Passover – Pesach 2020/5780

PASSOVER Newsletter 2020 5780 

About Passover

What Is Passover? 

The eight-day festival of Passover commemorates the emancipation of the Israelites from slavery in ancient Egypt. It is celebrated in the early spring, from the 15th through the 22nd of the Hebrew month of Nissan, which falls on April 8-16, 2020. The festival is observed by avoiding leavened food, and it is highlighted by the Seder meals that include four cups of wine, eating matzah and bitter herbs, and retelling the story of the Exodus. 

In Hebrew it is known as Pesach, which means ‘to pass over’, because G-d passed over the Jewish homes when killing the Egyptian firstborn on the very first Passover eve. 

The Passover Story in a Nutshell 

After many decades of slavery to the Egyptian pharaohs, during which time the Israelites were subjected to backbreaking labor and unbearable horrors, G-d saw the people’s distress and sent Moses to Pharaoh with a message: ‘Send forth My people, so that they may serve Me.’ But despite numerous warnings, Pharaoh refused to heed G-d’s command. G-d then sent upon Egypt ten devastating plagues, afflicting them and destroying everything from their livestock to their crops.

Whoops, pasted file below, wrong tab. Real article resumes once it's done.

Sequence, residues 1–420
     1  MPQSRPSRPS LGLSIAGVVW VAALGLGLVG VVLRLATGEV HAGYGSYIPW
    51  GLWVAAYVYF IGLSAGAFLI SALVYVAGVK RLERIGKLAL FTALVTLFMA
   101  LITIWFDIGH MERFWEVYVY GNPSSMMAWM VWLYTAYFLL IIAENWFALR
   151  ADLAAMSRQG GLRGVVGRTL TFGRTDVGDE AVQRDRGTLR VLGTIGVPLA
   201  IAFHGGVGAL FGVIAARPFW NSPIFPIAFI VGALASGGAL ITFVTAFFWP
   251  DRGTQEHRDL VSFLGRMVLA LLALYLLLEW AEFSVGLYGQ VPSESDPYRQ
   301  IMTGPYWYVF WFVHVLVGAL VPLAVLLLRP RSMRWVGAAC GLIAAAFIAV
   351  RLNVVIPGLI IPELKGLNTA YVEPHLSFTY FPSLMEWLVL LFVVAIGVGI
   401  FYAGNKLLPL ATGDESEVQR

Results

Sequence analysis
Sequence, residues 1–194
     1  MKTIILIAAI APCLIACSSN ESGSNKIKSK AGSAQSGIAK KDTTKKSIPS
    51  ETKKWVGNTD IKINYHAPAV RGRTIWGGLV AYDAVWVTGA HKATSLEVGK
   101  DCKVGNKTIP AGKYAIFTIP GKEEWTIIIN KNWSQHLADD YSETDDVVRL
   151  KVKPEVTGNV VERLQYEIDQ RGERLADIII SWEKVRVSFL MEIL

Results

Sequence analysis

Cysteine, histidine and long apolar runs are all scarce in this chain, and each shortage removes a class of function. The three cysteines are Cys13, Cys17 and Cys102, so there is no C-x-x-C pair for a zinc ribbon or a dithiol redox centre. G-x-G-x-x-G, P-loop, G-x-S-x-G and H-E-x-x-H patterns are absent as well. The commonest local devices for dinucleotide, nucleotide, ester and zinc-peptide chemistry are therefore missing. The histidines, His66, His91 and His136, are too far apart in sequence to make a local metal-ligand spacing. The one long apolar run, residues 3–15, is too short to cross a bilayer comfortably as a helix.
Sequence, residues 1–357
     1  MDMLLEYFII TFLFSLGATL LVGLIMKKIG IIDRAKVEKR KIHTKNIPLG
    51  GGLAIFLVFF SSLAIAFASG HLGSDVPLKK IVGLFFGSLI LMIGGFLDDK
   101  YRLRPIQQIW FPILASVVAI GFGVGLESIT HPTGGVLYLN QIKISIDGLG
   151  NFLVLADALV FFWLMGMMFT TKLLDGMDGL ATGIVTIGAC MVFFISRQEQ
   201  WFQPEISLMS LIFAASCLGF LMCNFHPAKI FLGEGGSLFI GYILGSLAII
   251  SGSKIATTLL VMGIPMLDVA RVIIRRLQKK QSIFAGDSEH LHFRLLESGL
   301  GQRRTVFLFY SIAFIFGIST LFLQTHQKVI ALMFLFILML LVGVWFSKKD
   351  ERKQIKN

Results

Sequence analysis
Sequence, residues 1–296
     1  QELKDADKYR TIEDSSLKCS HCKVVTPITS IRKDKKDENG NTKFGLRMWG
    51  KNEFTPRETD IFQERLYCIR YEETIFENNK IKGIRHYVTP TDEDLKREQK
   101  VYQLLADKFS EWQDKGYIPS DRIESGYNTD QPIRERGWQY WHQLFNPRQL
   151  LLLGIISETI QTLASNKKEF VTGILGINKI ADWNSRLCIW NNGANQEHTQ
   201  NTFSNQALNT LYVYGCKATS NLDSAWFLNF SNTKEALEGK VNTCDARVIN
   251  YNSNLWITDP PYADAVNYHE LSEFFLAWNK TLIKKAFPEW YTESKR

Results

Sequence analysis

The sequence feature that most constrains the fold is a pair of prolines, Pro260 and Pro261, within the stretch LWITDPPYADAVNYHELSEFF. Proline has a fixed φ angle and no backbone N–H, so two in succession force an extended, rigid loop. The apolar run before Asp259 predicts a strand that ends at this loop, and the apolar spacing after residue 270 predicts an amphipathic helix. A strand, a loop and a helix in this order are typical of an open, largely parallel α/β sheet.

At the stroke of midnight of 15 Nissan in the year 2448 from creation (1313 BCE), G-d visited the last of the ten plagues on the Egyptians, killing all their firstborn. While doing so, G-d spared the children of Israel, ‘passing over’ their homes—hence the name of the holiday. Pharaoh’s resistance was broken, and he virtually chased his former slaves out of the land. The Israelites left in such a hurry, in fact, that the bread they baked as provisions for the way did not have time to rise. Six hundred thousand adult males, plus many more women and children, left Egypt on that day and began the trek to Mount Sinai and their birth as G-d’s chosen people.